A Calling in Crisis
Conversations with Catholic priests
(Page 3 of 5)
Over the years, in conjunction with the decline in the number of priests (some of whom left because of Vatican II), this affected the way priests work.Skip to next paragraph
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"In the socalled good old days, the pastor made all of the decisions," says the Rev. Thomas McGreevy, the third Dominican priest here and a man who was ordained nearly 40 years ago. "Maybe this is a time when the Holy Spirit is wanting the laity to be more involved, and the way to do that is to take away the traditional leaders."
"To my parents, being a good Catholic lay person meant going to mass, sending your children to Catholic schools, and supporting the church financially," says Fones, who taught high school for a few years before entering seminary. "Today, I think people want more than that."
This has been both challenge and opportunity for Father McGreevy, the pastor and senior priest here, who has had to remind himself that "this father does not know best." "More and more, I'm beginning to realize that my role as pastor is to help the lay person recognize their gifts from God and put that in service to humanity," he says. "I see myself as a 'Christ-bearer,' and not for the function of proselytizing but for the purpose of loving, of forgiving, of reconciling, which is a lot harder than proselytizing."
Over the five years he's been here, parishioners have noticed the difference. "One of the good things Mike is doing is inviting people into other aspects of his life having supper, working in the garden and not just at the services or through the confessional screen," says Denise Gosar, an artist and parishioner at the church. "He's learning to delegate and to let go."
It now seems obvious that this democratization of priest and parish (especially obvious in the United States, a country founded on political democracy as well as the separation of church and state) also has opened the church leadership to more questioning and criticism including how it handled the revelations of sexual abuse.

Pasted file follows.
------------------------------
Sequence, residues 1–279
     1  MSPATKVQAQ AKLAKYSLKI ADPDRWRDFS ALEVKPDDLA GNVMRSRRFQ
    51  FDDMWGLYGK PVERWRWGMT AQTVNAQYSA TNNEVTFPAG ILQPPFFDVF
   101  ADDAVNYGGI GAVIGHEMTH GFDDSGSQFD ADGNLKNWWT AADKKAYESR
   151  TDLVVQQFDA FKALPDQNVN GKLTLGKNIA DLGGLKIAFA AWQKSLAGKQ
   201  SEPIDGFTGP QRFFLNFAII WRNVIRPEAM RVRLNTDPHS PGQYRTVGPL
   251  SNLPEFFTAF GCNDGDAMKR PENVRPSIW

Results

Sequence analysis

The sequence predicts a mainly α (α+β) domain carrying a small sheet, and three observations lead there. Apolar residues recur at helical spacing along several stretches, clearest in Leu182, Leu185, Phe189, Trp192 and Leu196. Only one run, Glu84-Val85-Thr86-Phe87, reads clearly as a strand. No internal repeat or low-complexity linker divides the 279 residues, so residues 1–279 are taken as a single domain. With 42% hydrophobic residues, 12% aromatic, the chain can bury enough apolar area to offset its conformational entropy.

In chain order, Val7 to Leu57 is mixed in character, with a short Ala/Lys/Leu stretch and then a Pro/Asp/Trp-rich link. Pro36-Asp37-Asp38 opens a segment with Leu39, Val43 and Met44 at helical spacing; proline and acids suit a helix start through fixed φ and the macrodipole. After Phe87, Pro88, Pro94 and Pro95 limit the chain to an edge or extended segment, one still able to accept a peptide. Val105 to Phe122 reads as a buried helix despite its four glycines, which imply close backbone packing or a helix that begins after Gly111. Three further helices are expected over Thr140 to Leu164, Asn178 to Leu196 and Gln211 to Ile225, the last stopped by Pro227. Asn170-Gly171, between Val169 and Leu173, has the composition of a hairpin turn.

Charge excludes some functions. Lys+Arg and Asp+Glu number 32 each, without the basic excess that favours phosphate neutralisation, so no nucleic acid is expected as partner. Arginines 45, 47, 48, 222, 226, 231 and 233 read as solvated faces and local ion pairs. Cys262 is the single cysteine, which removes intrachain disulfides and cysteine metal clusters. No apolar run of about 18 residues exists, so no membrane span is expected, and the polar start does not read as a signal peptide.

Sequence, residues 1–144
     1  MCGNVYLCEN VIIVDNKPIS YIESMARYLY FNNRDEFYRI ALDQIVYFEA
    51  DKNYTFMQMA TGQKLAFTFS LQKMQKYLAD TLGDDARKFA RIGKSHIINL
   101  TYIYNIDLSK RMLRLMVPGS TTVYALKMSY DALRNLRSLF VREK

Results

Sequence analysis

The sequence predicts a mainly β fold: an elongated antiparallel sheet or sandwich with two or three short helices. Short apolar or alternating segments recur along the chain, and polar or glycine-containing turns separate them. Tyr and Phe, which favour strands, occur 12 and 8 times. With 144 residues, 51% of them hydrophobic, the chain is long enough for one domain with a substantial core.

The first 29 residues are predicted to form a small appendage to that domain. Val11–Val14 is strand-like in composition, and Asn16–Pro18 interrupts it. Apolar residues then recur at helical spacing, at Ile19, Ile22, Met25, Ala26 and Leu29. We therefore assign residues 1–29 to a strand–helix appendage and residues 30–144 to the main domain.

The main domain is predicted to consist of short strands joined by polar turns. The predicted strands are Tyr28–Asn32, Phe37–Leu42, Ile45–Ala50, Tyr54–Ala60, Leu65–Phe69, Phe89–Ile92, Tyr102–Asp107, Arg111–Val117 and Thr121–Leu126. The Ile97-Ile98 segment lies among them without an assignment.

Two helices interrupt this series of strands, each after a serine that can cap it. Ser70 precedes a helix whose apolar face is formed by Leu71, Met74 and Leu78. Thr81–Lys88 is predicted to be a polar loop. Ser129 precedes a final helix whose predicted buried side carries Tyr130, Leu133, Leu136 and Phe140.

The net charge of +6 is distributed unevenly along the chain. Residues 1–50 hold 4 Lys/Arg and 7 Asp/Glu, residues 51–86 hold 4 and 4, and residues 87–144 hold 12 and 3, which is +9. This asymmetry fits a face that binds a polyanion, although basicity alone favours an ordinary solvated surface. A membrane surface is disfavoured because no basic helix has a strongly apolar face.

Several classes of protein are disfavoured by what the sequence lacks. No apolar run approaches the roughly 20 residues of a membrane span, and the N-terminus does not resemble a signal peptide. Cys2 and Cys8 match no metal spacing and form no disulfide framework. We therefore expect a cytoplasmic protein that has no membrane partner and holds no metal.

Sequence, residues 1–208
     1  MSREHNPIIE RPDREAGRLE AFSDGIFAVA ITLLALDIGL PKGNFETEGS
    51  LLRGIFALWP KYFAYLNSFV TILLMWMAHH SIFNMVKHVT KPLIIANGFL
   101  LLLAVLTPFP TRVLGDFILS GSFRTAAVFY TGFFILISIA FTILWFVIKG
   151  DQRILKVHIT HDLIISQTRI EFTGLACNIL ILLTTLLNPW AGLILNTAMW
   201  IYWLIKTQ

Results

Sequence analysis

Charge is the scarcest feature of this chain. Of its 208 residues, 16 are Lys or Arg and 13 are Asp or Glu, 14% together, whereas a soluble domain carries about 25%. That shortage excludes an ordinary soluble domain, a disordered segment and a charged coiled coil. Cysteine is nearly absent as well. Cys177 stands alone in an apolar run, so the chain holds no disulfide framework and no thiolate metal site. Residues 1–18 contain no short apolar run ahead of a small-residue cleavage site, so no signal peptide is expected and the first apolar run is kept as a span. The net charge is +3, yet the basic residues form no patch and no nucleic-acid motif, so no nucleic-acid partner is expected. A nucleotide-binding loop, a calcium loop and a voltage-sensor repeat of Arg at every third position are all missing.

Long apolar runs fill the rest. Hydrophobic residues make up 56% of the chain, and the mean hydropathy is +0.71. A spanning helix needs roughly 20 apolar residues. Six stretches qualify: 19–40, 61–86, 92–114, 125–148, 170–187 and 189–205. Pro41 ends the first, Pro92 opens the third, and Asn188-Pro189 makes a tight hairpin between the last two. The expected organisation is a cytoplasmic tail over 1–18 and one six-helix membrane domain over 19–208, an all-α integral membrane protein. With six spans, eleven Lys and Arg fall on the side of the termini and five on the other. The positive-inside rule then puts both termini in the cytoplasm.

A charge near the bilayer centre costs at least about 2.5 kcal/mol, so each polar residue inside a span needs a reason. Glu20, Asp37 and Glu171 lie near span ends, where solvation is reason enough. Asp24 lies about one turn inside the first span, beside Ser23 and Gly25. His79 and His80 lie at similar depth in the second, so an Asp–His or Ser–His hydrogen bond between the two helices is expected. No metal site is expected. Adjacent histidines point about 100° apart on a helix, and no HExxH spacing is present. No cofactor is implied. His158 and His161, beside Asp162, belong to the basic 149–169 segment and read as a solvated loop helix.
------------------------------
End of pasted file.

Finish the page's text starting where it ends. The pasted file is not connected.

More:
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On a cool, overcast Sunday following mass at the St. Thomas More University Parish, anger flashes now and then among many of the parishioners gathered outside. But the general atti-tude regarding the ongoing scandal involving priests elsewhere around the country is more muted.
"It's very disappointing and sad," says Larry Wibbenmeyer, a parole and probation officer.
"If there's anything that would make me angry, it would be knowing that the church had knowledge of this and let it continue," says Mr. Wibbenmeyer, who's had considerable experience with sex offenders and whose wife, Dorothy, is a counselor who has worked with their victims. "It's really distressing that these representatives of the church have done something so horrific."
Others note that sexual abuse of minors is more likely to involve adults who are not priests. "It isn't a Catholic thing," says Dave Tobin, a retired postal worker. "But if it isn't addressed, it will be a Catholic thing. The fault was the church was about 10 years behind the professionals [in psychology and law enforcement] in how to deal with it. It's very sad."
For some, the sexual abuse of minors by priests raises fundamental questions about a male-dominated church hierarchy and about who can become a priest. "I think optional celibacy eventually is going to happen," says Patricia Armstrong, a writer and poet who converted to Roman Catholicism years ago.
If that happens (and there's no sign that it will under the current Vatican leadership), it will lead to the question of married priests.
There are in fact already some married priests in the Roman Catholic Church. In the United States, these are priests who have converted from other faiths mostly former Episcopal clergymen. In some countries where the Orthodox Church is dominant Ukraine, Romania, Hungary, and Slovakia for example the Vatican centuries ago agreed to allow priests of the Eastern Catholic churches to be married.
"Maybe it's time to be serious about asking about the gifts that women can bring to the ministry," says Ms. Gosar. "And not just the ministry of children and music, but the ministry of preaching and the sacraments."